Please use this identifier to cite or link to this item: http://hdl.handle.net/10397/67373
Title: Adopting ‘lift-up’ building design to improve the surrounding pedestrian-level wind environment
Authors: Tse, KT
Zhang, X
Weerasuriya, AU
Li, SW
Kwok, KCS
Mak, CM 
Niu, J 
Keywords: Building dimensions
Pedestrian-level wind environment
Wind tunnel test
‘Lift-up’ building
‘Lift-up’ core dimensions
Issue Date: 2017
Publisher: Pergamon Press
Source: Building and environment, 2017, v. 117, p. 154-165 How to cite?
Journal: Building and environment 
Abstract: Modern megacities are teeming with closely-spaced tall buildings, which limit air circulation at the pedestrian level. The resultant lack of air circulation creates poorly ventilated areas with accumulated air pollutants and thermal discomfort in the summer. To improve air circulation at the pedestrian level, buildings may be designed to have a ‘lift-up’ shape, in which the main structure is supported by a central core, columns or shear walls. However, a lack of knowledge on the influence of the ‘lift-up’ design on the surrounding wind environment limits the use of ‘lift-up’ buildings. This study aims to investigate the influence of ‘lift-up’ buildings and their dimensions on the pedestrian-level wind environments using wind tunnel tests. A parametric study was undertaken by using 9 ‘lift-up’ building models with different core heights and widths. The results were compared with the surrounding wind environment of a control building with similar dimensions. The results reveal that the ‘lift-up’ core height is the most influential parameter and governs the area and magnitude of high and low wind speed zones around such buildings. Based on wind tunnel test results and a selected comfort criterion, appropriate core dimensions could be selected to have acceptable wind conditions near lift-up buildings.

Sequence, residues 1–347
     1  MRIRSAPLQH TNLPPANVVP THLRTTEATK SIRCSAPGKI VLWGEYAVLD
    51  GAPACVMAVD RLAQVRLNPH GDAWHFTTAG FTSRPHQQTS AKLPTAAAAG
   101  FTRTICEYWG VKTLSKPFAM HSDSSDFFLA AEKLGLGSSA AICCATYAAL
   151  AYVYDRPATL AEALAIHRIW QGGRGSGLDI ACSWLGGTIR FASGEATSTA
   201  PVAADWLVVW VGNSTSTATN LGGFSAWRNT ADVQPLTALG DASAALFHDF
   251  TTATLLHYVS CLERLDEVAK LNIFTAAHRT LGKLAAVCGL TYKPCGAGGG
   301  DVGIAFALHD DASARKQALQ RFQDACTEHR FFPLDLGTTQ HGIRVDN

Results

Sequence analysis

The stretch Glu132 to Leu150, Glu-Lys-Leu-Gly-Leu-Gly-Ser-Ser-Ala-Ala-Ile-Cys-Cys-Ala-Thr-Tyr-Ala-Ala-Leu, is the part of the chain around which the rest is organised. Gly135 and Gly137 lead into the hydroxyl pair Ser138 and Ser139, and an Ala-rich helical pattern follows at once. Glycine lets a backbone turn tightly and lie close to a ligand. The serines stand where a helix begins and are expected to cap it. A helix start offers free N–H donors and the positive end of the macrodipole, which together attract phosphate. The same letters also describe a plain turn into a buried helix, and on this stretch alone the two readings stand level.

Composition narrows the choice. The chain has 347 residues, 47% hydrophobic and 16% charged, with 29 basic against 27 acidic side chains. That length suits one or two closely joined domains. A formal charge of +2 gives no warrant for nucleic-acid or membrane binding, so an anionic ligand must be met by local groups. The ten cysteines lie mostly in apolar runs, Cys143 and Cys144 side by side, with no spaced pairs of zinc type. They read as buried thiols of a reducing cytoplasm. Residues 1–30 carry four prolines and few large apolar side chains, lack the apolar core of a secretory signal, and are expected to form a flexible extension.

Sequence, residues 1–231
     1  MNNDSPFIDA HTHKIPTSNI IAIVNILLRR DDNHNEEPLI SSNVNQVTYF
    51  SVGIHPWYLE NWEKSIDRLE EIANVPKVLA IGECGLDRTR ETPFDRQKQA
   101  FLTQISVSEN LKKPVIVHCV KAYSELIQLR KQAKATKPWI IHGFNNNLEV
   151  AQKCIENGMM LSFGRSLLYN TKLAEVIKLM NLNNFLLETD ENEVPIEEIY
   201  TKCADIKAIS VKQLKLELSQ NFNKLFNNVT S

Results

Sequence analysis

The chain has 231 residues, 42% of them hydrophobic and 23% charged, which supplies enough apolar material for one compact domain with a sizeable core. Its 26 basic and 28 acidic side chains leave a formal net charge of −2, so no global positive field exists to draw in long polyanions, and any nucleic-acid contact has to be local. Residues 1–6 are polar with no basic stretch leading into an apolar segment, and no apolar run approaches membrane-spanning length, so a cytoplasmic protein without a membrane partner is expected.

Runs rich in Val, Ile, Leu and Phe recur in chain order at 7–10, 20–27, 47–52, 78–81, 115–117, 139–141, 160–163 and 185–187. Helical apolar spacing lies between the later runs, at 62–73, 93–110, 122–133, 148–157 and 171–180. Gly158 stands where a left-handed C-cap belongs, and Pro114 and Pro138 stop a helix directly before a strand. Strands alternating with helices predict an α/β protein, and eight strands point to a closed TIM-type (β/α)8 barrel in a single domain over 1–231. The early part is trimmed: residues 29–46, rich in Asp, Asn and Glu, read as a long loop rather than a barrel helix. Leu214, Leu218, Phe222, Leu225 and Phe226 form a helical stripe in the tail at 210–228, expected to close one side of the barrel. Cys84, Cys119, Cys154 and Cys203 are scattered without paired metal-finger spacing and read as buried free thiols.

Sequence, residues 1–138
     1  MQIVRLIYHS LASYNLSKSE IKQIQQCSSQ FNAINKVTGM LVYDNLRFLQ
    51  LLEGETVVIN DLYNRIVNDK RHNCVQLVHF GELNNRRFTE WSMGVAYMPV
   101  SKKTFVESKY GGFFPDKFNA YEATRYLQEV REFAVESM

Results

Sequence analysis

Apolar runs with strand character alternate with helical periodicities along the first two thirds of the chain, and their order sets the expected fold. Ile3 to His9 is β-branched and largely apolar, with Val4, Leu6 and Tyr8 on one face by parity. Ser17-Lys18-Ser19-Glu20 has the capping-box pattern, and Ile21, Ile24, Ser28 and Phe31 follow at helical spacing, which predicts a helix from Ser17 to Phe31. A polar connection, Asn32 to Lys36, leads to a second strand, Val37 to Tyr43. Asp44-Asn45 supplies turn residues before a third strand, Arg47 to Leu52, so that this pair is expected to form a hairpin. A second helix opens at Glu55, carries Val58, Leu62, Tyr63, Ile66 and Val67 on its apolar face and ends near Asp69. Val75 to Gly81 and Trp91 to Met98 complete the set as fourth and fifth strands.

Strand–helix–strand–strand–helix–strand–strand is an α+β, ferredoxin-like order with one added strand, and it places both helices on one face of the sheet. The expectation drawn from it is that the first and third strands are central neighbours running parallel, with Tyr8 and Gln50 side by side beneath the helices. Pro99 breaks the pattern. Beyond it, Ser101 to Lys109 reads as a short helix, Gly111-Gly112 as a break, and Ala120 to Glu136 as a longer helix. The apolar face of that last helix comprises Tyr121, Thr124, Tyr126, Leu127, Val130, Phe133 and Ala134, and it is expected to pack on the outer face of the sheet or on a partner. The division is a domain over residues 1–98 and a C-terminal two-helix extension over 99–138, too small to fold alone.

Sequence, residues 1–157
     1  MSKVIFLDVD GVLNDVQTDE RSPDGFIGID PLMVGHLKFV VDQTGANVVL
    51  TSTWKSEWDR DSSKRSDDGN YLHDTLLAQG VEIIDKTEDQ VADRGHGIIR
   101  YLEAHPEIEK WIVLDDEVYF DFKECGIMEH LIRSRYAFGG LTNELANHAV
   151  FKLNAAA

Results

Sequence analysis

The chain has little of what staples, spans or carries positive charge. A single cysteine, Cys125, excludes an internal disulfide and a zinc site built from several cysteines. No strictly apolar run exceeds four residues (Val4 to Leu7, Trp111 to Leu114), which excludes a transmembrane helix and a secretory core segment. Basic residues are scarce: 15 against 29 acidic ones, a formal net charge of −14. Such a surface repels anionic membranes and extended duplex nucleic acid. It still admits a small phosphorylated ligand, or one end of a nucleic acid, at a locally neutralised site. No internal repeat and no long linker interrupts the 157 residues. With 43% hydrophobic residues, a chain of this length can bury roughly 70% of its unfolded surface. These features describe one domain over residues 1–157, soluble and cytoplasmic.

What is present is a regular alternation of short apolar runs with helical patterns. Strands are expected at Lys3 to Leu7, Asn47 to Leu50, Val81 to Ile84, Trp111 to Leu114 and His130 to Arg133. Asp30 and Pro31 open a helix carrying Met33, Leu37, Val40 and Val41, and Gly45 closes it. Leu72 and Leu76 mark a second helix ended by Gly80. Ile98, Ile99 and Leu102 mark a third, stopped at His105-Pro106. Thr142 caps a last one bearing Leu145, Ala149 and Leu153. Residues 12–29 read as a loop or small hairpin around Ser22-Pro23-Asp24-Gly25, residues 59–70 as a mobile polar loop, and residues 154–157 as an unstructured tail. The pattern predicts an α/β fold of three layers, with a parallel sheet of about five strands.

URI: http://hdl.handle.net/10397/67373
ISSN: 0360-1323
EISSN: 1873-684X
DOI: 10.1016/j.buildenv.2017.03.011
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